BOSTON (CBS) – Fifty years ago, men landed on the moon. It was the culmination of the vision of President John F. Kennedy to land on the moon by the end of the 1960’s.
On Wednesday, Boston’s JFK Library and Museum commemorated that achievement while exploring the future of space travel.
July 20, 1969 marks the day the world was transfixed by a grainy image coming all the way from the moon, as Astronauts Neil Armstrong and Buzz Aldrin took those first historic steps, and Armstrong uttered the famous words “one small step for man, one giant leap for mankind.”
In a Space Summit hosted by Ambassador Caroline Kennedy, scientists, astronauts, and NASA experts came together at the library to consider what the words of President Kennedy mean for today.
As Kennedy said in 1962, “We choose to go to the moon in this decade and do the other things, not because they are easy, but because they are hard.”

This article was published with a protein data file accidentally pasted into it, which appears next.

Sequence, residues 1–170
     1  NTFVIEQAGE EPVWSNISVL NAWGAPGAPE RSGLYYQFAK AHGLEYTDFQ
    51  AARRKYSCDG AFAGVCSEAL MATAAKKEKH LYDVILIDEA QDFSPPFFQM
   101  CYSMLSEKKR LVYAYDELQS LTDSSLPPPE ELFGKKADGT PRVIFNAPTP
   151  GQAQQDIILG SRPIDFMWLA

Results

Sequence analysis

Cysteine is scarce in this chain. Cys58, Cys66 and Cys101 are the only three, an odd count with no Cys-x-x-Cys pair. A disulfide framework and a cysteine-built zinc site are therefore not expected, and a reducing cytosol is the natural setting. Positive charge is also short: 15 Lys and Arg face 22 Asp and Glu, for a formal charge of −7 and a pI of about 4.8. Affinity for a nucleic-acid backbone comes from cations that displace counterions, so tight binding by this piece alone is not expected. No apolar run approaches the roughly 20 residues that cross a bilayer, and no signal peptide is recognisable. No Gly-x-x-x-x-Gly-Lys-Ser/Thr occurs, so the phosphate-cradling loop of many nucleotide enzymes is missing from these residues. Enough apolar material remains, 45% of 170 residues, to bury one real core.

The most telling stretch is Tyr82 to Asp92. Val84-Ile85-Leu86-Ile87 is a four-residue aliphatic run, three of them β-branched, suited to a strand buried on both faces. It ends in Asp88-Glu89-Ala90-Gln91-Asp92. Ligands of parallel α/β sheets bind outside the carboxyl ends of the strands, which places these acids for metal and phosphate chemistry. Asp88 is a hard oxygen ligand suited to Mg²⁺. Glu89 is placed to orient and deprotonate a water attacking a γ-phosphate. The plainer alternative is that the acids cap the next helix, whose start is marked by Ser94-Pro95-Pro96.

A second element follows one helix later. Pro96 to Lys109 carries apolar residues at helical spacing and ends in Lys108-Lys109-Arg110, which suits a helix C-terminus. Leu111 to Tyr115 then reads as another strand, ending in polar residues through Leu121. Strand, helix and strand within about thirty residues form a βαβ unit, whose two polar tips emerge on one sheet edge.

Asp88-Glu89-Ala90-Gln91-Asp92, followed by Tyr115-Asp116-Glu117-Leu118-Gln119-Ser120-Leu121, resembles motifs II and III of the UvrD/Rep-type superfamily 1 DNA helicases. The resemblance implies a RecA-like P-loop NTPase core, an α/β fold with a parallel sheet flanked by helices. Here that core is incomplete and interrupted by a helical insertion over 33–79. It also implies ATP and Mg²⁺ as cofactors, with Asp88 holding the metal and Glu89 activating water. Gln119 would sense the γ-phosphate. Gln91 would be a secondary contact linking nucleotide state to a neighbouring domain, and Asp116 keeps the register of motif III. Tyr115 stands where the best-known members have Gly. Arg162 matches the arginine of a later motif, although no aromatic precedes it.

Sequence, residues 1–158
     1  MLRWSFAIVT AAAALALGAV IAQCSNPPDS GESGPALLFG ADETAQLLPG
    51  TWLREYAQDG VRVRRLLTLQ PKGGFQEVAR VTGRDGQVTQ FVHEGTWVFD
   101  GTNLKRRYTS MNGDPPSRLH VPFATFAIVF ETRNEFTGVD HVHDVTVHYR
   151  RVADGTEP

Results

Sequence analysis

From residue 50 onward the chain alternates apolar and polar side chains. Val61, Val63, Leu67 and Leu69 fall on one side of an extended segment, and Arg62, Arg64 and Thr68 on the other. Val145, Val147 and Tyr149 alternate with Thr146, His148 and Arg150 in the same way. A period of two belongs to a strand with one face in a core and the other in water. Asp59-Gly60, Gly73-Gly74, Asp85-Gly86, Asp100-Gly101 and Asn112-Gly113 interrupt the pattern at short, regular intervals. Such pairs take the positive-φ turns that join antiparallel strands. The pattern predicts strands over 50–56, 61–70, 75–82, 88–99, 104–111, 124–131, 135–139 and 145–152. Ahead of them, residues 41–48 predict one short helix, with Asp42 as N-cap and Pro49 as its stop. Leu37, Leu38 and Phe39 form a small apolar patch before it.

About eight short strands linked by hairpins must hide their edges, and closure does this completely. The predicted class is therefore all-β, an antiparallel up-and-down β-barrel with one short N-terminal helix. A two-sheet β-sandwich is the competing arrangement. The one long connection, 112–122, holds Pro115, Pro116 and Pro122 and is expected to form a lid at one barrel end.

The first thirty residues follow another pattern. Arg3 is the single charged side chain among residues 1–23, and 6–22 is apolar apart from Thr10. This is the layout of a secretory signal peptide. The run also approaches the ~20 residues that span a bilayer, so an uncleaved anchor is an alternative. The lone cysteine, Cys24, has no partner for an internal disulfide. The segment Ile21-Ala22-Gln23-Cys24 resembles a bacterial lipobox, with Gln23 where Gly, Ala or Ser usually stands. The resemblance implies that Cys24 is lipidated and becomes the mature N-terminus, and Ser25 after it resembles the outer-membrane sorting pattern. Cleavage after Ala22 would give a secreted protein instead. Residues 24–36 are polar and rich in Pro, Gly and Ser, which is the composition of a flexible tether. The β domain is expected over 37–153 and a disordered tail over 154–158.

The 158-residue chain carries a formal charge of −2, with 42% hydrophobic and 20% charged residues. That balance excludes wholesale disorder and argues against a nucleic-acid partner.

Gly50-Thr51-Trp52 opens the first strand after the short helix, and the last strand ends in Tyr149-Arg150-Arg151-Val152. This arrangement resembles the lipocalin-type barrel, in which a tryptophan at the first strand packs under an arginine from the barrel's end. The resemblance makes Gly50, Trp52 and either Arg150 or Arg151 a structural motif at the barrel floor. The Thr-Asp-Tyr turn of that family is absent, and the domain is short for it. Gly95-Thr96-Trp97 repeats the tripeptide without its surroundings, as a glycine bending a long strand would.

A panel of astronauts from the United States, Italy, Japan and Russia talked about where the space program has been and where it will go in the future.
“This is a big deal,” Astronaut Tracy Caldwell said. “The fact that we are here for the 50th anniversary and we’re talking about going back to the moon is, I think, honoring President Kennedy and his vision.”
Astronaut Chris Cassidy said, “It’s really about how it sets us up for what’s next, going back to the moon and on to Mars. It’s just super exciting for us.”
The library also hosted a “Space Expo” designed for the next generation of space lovers.
“I think we should continue exploring space because there’s still more to see,” a young girl at the expo said.
A young boy at the event said he wants to be the first person to step foot on Mars.
The celebration continues later this summer on July 20, 2019, the anniversary of the moon landing, when the JFK Library will be hosting a “Space Fest.” The event will include a series of activities that will pay tribute to this incredible moment in history.